A fast food chicken restaurant in Iran using the brand name of U.S. fast food giant KFC was shuttered just days after it opened because its interior resembled the American flag.
According to the Iranian news agency Tasnim, KFC Halal --which is not affiliated with KFC or its parent company Yum! Brands--opened in West Tehran Sunday after securing approval from the country's Ministry of Industry, Trade and Mines. The news outlet called the outpost “the first American branch" of its kind.
On Sunday, the restaurant’s official Instagram account posted pictures of people lining up inside waiting to order.
But on Tuesday, Iranian police shut down KFC Halal and left a “closed until further notice” sign on the door.
Tasnim (via Mashable) initially reported that the restaurant was shut down due to the highly Americanized décor including a striped wall that “too closely” resembled a U.S. flag. Its presence could be "seen as a part of American influence into Iranian culture. The U.S. is one of Iran's major enemies and this will have grave dangers for the country," according to the agency.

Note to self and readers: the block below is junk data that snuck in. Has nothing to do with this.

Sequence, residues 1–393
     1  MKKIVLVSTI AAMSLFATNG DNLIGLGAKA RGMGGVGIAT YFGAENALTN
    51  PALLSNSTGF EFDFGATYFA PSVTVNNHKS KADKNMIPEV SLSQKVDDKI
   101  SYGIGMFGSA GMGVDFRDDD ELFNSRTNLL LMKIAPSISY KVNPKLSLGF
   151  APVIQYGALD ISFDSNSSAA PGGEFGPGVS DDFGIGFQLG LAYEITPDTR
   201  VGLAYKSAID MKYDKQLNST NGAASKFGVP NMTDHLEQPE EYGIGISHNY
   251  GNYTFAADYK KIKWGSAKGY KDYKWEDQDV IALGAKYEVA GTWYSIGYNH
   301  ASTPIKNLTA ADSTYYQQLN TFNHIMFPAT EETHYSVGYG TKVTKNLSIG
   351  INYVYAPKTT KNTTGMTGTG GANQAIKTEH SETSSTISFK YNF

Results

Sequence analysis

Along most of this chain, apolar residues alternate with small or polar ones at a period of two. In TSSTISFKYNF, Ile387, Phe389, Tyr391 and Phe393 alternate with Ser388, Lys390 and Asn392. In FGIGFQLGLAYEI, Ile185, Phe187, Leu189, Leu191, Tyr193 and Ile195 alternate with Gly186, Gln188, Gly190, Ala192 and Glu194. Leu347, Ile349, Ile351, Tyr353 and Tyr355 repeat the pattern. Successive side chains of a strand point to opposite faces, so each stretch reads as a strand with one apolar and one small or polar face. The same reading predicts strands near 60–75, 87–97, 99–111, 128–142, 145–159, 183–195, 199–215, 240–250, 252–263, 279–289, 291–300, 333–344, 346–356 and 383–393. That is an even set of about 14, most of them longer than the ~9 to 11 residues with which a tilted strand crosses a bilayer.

— Tasnim News Agency (@Tasnimnews_EN) November 3, 2015
But the manager of newly opened fast food chicken restaurant says the closure was over a misunderstanding of brand ownership.
"The shutting down of Halal KFC was due to a misunderstanding," Abbas Pazuki, the manager of Halal KFC, told Tasnim News Agency, reiterating that police thought the restaurant was associated with America’s Yum! Brands, which owns KFC.
"We are part of a brand known as Halal KFC, which comes from Turkey. It belongs to Muslims and its target market is Muslim nations," said Pazuki.
According to the Iranian News Labor Agency, Ali Fazeli, head of the Iranian chamber of commerce, confirmed that the KFC location in Tehran has no connection with KFC in the U.S.
"In accordance with orders from the Supreme Leader, we do not give any authorization to Western brands" in the fast food sector, Fazeli said.
The recent nuclear weapons agreement reached between Iran and several Western countries has been seen as a potential gateway by some businesses to gain entry to Iran. But Iran's Supreme Leader, Ayatollah Khomeini, has called the establishment of Western style fast food restaurants “a red line that would not be crossed.”